Going Back to Kali


A Couple of My Dad’s Lives

On a trip back to India, Pasha Malla sets his itinerary in search of his past. He gets up close and personal in a nation of arranged marriages, in the second installment in his travel journal.

My second day in India is one of intimacies, begun innocuously enough with a trip to Jama Masjid, which my aunt’s personal assistant, Raju, claims to be “the biggest mosque in the world.” (It is not.)

Still, the mosque is very fine, rising austere and pristine from the surrounding Old Delhi squalor. Sprawled out front on the pavement is a man with what appears to be a leg growing out of his chest. His eyes are glazed; he stares blankly ahead at nothing, a foot wagging below his chin. “Mr. Pasha!” hollers Raju. “Come see the mosque.” Guiding me by the elbow up the steps, Raju reminds me of the host of a fancy party who has discovered a guest opening the shower curtain to find a bathtub dripping with mildew.

At the entrance to the mosque I am given a cloth skirt to cover my legs, and I leave my flip-flops in the care of a guy surrounded by a cloud of flies. When we return, Raju looks angry and we reclaim our shoes without leaving the chappal-wallah the requisite tip. “He thought I was your tour guide,” he tells me on our way to the car. “He didn’t know we are…” his voice trails off before he adds brightly, “friends!”

For lunch we stop at a place with an all-you-can-eat pasta bar. The décor is quintessentially East Side Mario’s: red, white, and green tablecloths, photographs of Sicily, piles of plastic tomatoes everywhere, waiters in Chef Boyardee outfits (replete with Super Mario moustaches). From a menu that features lasagna, ice cream, and tandoori chicken, I order a pizza. It arrives steaming: The dough has been molded into the shape of a heart, and the mushrooms spell out the word LOVE.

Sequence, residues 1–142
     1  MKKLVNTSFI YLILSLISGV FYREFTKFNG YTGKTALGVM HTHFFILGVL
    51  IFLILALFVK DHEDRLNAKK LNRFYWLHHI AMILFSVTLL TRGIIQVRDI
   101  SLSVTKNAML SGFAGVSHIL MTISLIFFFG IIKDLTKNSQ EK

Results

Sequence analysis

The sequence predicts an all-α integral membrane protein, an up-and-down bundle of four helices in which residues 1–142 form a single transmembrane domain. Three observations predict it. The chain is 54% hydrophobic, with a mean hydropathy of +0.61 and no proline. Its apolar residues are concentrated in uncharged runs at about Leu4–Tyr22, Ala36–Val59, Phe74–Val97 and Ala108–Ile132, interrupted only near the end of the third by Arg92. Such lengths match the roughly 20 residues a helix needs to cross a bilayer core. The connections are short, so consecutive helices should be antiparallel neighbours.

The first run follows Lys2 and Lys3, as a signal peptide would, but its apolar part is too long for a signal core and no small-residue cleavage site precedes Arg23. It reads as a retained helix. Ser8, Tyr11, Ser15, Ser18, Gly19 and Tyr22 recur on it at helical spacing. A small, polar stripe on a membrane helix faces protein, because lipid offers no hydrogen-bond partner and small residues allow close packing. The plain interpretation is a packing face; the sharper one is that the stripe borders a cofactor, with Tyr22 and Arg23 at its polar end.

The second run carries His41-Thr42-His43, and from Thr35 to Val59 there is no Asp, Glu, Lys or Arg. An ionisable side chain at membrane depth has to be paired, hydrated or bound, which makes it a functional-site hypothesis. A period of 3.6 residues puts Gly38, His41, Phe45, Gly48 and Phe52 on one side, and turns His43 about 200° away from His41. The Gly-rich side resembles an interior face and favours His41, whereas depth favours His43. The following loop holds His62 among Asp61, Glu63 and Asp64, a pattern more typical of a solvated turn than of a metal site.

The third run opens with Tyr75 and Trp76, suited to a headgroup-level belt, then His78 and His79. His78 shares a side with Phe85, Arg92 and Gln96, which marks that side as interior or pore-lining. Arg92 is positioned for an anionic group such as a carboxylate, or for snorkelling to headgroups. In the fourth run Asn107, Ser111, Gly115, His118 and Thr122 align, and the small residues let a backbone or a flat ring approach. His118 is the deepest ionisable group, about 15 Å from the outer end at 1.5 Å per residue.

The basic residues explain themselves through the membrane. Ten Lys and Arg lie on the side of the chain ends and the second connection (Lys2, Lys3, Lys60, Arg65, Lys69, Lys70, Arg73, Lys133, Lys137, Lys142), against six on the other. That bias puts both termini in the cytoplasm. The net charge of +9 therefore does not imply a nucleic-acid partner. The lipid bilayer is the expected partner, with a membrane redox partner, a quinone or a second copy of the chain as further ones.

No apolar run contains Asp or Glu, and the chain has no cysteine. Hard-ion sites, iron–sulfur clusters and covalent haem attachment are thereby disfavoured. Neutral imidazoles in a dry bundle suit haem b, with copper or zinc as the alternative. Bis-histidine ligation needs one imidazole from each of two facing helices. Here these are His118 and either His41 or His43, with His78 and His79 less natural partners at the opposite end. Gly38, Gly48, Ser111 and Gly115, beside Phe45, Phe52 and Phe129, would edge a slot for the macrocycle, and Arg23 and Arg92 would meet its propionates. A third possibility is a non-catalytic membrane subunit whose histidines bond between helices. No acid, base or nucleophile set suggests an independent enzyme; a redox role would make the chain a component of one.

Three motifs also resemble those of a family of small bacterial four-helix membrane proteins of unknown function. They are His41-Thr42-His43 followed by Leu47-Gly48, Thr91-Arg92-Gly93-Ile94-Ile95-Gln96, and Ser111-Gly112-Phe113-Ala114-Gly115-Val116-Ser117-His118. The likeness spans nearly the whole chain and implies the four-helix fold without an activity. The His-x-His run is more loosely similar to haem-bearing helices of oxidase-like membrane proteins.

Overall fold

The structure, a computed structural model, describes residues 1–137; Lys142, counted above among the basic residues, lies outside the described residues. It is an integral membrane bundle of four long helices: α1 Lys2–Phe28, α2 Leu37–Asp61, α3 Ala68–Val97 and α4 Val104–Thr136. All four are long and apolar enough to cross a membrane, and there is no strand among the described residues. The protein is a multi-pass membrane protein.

Facing too much pizza for one man, I ask Raju if he’d like to share. I give him the L and O side, and start in on V myself. Raju stares at the two slices for a moment, then picks out the mustard from the basket of condiments on our table, scrutinizes its ingredients label, and proceeds to squirt a network of yellow lines over the cheese. Then, ketchup. We eat in silence—me, the tourist, and Raju, this man who is being paid to be my friend and has inappropriately dressed his pizza; together in silence we eat the heart-shaped pizza of LOVE until it is done.

After lunch, my next stop with Raju is the Old Fort, where at the gate I get into a funny argument with the ticket taker about being an Indian national (paying a five-rupee entrance fee versus the 150 rupees it costs for foreigners). “You’re not Indian,” he tells me. “Sure I am,” I say. “I’m Kashmiri.” He looks at Raju, then at me, and says, “I’m Kashmiri—would you like to speak Kashmiri with me?”

One hundred and fifty rupees later, we are walking alongside what I imagine once upon a time used to be a moat. Couples are pedal-boating on the water. “My wife and I came here last week,” Raju tells me, gesturing at the boaters. “It was very romantic.” He pauses while we walk past a triumvirate of hijras, the quasi-caste of “third gender” hermaphrodites, who make catcalls at us and beg for money. Safely past them, Raju puts his hand on the small of my back and gestures at a pedal-boat on the shore. “Mr. Pasha, shall we go?” He’s so sweet about it I almost say yes.